Great Cinematographers, Part 19: Ralf D. Bode

As we wind down here, approaching the twentieth post in my cinematography series, we must take a look at one of the great directors of photography from the 1970s and 80s, Ralf D. Bode (1941-2001). I didn’t know his name until today, when I asked myself, “Who photographed Saturday Night Fever and why don’t I know his name?” (I assumed it was a man since there are so few female cinematographers.) Now that I know, I can share with you a few of the golden moments in Ralf Bode’s career.

Rocky (1976, dir. John G. Avildsen) – Although James Crabe is the credited director of photography, Bode was the uncredited second unit DP in charge of shooting the Philadelphia scenes. (Even without any onscreen credit, Bode is best remembered for his efforts here; the headline of his New York Times obituary proves as much.) His lens captured the most famous scene in the movie, when Rocky triumphantly makes his way up the steps of the Philadelphia Museum of Art. I guess Bode didn’t film the indoor training scenes, but the outdoor stuff is certainly pretty great.

Saturday Night Fever (1977, dir. John Badham) – In one of the definitive classics of the 70s (as well as one of the best dramas ever made about dancing), Bode makes the smoky glow of the Brooklyn disco club seem glamorous and alluring as John Travolta and Karen Lynn Gorney spin seductively to the Bee Gees’ “More Than a Woman.” Take note of how the camera turns sideways to imitate the couple’s dip.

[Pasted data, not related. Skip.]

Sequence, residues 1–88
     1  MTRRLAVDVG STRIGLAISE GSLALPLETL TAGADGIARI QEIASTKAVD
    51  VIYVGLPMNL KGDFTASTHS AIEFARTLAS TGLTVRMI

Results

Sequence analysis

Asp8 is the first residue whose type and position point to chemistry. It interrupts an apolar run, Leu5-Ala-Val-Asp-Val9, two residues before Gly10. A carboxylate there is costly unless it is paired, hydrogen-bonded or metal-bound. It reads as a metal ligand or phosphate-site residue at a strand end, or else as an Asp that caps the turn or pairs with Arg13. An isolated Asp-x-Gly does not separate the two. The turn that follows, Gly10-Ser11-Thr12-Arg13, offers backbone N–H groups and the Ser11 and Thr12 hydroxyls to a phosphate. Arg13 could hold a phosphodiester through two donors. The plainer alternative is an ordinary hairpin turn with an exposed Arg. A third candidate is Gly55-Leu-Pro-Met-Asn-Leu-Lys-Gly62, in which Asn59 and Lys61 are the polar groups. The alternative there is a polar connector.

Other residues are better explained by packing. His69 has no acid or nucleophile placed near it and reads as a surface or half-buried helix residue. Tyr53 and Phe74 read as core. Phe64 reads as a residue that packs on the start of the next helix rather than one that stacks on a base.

Dressed to Kill (1980, dir. Brian De Palma) – First of all, everything about this thriller is in tribute to Alfred Hitchcock. Many aspects are taken from Psycho, like the first scene (taking place in a shower), the killer’s identity (in multiple ways) and how aspects of the murder fit into the plot. The museum scene, however, is taken straight out of Vertigo. Angie Dickinson’s blonde hair, her white coat, the fact that she’s looking at paintings in a museum… it’s all just like Kim Novak in Vertigo. Even the Pino Donaggio score is designed to be reminiscent of Bernard Herrmann’s work in Vertigo. I don’t know if it’s more of a ripoff than an homage, but it’s interesting all the same. Fun fact about the scene: the exteriors, which you don’t see in this clip, were shot at the Metropolitan Museum of Art (which makes sense since the film takes place in New York), but the interiors were shot at the Philadelphia Museum of Art (echoes of Rocky for you viewers!).

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